Opinion | The Harsh Truth Behind the Republicans’ Speaker Crisis

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It always had to be Mike Johnson.

The Louisiana Republican has come out of nowhere to ascend to the speaker of the House, a job that people spend their entire adult lives aspiring to, but that Johnson picked up like a stray nickel.

Chairman of the conservative Republican Study Committee is usually the stepping-stone to, well, some other lower-rung of the House leadership, yet Johnson has somehow leveraged the position to become second in the line of succession to the president of the United States.

Not since Gerald Ford dined alone has there been a member of the House who experienced such happened-to-be-in-the-right-place-at the-right-time good fortune, assuming becoming speaker of the Republican House is considered a blessing rather than a curse.

Johnson is a talented man, and perhaps will prove an adept speaker, despite his lack of experience with a political, legislative and fundraising challenge at this level. Regardless, the dirty secret of the GOP speaker fight was that the stakes were always fairly low, since there are limits to what any leader can do with a slender majority in one chamber of Congress when a Democrat occupies the White House.

What ultimately elevated Johnson, and what could make his tenure rocky after a honeymoon, is that the Republican majority is not very comfortable being a majority. That requires a cohesiveness and realism that clash with the impulse of an element of the party to build its own brand at the expense of everything else.

There are costs to being in the House minority, such as watching the majority — within limits, depending on its size — do and pass whatever it wants. Otherwise, life is easy. There are no real responsibilities except voting “no” and giving speeches.

Being in the majority, on the other hand, requires constant choices. Which priorities are most important? How far can the party push on any given issue? What’s the balance between achieving important policy goals and minimizing political risk? How to hold together the various factions that are inevitably part of a majority coalition?

This isn’t easy, and gets much harder if members care more about their primetime cable hit than making any responsible contribution, even in opposition to the leadership.

Some within the party’s right flank have developed a mode of operating that is almost hostile to affecting legislative outputs as a matter of principle. Florida Rep. Matt Gaetz and his compatriots didn’t help Rep. Kevin McCarthy pass a Republican-supported spending bill as a shutdown loomed, then slammed him for — what else was he supposed to do? — going to Democrats.

This didn’t make sense, but at least the McCarthy critics kept their hands clean. This approach to legislating creates a pantomime of powerlessness, wherein probity is measured by sheer lack of influence.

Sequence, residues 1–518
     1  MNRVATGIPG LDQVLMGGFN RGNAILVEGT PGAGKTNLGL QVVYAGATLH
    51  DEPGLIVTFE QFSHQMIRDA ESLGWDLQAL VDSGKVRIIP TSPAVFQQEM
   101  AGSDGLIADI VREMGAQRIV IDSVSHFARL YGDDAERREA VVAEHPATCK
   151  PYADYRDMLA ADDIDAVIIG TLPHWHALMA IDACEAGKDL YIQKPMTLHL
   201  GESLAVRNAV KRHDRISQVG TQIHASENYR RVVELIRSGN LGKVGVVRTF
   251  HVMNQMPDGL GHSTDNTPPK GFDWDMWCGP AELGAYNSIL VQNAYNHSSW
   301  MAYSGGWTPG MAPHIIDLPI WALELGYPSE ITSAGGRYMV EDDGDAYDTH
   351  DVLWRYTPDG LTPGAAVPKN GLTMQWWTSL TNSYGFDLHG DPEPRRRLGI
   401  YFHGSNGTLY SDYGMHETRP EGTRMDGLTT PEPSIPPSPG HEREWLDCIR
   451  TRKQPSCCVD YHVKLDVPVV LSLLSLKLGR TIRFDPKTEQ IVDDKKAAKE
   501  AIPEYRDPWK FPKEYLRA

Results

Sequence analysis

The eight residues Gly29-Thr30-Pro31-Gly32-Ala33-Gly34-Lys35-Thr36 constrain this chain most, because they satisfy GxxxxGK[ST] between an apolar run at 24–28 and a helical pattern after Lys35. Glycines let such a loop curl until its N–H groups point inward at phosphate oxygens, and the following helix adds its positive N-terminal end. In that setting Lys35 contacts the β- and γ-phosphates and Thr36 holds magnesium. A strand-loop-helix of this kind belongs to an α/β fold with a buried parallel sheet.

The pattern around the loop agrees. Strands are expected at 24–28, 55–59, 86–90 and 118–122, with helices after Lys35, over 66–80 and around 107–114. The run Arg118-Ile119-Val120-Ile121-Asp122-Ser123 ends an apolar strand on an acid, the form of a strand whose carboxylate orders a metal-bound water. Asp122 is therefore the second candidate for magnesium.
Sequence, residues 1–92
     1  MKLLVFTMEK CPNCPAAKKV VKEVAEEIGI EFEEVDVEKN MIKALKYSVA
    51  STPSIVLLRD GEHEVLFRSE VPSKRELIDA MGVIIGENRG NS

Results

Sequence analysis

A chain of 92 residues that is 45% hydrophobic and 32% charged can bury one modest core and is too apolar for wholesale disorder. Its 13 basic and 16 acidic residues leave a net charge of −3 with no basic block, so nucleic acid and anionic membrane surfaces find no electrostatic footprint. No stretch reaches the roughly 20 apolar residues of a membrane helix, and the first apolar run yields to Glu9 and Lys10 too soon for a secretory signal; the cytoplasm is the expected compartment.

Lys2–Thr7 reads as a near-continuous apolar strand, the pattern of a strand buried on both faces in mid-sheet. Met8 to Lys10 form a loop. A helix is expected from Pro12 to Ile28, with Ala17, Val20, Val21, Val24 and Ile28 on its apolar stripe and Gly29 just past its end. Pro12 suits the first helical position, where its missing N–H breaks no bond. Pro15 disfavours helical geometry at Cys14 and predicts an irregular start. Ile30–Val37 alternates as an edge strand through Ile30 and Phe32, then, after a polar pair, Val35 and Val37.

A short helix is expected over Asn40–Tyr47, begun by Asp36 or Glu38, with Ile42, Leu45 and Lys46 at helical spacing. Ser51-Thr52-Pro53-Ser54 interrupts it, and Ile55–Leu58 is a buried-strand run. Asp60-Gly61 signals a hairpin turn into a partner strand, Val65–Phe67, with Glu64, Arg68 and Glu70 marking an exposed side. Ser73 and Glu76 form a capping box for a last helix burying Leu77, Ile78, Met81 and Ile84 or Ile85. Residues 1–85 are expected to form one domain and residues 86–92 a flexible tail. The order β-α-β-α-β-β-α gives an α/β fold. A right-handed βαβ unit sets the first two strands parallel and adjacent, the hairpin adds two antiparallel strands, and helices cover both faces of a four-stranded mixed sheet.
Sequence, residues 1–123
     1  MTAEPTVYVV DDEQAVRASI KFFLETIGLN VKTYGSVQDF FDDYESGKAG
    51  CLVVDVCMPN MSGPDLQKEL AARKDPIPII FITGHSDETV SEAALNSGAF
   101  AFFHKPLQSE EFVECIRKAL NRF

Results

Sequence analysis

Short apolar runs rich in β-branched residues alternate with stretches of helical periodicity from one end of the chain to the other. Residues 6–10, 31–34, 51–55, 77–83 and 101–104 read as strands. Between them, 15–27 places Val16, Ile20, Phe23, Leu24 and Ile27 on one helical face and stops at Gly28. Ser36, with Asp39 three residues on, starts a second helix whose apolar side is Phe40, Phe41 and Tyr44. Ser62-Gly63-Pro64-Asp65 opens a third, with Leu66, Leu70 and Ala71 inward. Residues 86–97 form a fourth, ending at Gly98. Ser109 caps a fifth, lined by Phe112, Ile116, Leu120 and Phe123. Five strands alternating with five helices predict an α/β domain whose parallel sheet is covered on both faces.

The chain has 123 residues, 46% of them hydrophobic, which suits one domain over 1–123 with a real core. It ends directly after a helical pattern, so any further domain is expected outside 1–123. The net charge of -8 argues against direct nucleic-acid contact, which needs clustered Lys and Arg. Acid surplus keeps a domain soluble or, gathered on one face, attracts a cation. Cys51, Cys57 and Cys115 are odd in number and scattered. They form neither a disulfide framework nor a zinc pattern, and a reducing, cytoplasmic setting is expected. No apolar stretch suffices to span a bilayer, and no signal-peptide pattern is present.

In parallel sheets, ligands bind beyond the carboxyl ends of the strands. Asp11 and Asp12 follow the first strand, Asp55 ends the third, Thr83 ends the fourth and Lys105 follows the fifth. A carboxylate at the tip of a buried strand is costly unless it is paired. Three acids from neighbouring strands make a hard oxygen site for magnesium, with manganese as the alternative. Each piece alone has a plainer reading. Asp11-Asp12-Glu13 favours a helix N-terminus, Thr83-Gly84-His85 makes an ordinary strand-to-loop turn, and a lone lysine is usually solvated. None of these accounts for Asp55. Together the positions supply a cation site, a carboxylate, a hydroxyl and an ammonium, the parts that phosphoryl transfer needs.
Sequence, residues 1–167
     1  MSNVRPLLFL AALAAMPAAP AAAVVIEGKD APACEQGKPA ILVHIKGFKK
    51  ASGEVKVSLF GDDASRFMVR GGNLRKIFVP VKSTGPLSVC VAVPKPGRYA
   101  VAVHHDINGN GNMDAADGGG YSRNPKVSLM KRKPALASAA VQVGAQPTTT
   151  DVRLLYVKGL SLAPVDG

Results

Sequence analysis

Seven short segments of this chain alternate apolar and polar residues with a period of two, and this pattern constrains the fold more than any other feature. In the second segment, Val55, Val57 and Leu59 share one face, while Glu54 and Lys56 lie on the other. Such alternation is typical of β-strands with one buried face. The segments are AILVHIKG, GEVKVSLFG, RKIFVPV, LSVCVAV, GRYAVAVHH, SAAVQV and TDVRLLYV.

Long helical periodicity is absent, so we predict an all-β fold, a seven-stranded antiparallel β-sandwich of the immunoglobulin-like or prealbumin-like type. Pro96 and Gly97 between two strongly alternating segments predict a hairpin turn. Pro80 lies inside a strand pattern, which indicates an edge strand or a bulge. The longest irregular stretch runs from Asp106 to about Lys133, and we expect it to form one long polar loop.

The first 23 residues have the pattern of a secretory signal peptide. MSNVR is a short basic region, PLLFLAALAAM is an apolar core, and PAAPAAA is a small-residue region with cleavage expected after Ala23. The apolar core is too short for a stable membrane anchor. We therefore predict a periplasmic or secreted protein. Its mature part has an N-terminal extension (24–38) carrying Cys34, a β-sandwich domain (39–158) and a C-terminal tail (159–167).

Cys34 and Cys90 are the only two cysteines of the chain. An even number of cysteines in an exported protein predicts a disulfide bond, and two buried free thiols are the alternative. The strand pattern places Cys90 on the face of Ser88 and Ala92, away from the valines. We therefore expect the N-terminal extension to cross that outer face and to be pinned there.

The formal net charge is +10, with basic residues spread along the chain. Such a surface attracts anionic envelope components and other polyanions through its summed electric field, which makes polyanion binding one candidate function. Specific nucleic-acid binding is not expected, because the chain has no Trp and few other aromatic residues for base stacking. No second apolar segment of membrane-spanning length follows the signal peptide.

Another factor is the rise of the cult of the outsider. This is a phenomenon in the culture more broadly; people tend to be shaped by institutions less than they once were and be most comfortable in a posture of opposition and defiance. In Republican politics, Donald Trump is the prime example — he was president of the United States but still often sounded like a powerless critic of his own administration.

By the same token, Gaetz could serve in Congress for the next 30 years, ascend to the chairmanship of the House Financial Services Committee and still regard himself as the speak-truth-to-power outsider.

The speaker fight that he set off bore all the hallmarks of this kind of politics — taking down McCarthy was an act of destruction that lacked any reliable connection to a better outcome. Gaetz may prefer Johnson to McCarthy, but surely, this isn’t how he envisioned the drama ending.

It dragged on for so long because Gaetz and his band of small Republican compatriots broke the norm of supporting the party’s speaker or speaker-designee on the floor, creating an incentive for everyone else to do the same. The weeks-long deadlock with shifting factions blocking each new speaker candidate was the logical consequence of what Gaetz had started.

It tells you all you need to know that some of the ringleaders of this circus preferred an unworkable majority to a robust one.

Gaetz comrade-in-arms Rep. Matt Rosendale has said so explicitly. The Messenger reported that he told donors, in a call that included Gaetz, “Look, we have shown, OK, with a very small handful of people, six at times, five at times, that we can have tremendous impact in that body and when a lot of people, unfortunately, were voting to have a 270, 280 Republican House, I was praying each evening for a small majority.”

His prayers were answered, thanks, in part, to the party nominating too many Trumpy candidates like Rosendale himself. According to a Wall Street Journal profile, after the disappointing midterms, Gaetz, too, “recognized that the thin GOP majority that resulted worked to his advantage.”

No one who has the interests of his or her party at heart ever wishes for fewer members. If you want your majority to be so narrow that it is vulnerable to disruption and blackmail, maybe you don’t really want a majority at all. If that’s true of Gaetz and his friends, the chaos of the last few weeks may make it a little more likely that they are eventually relieved of the burden of being part of a majority next November.

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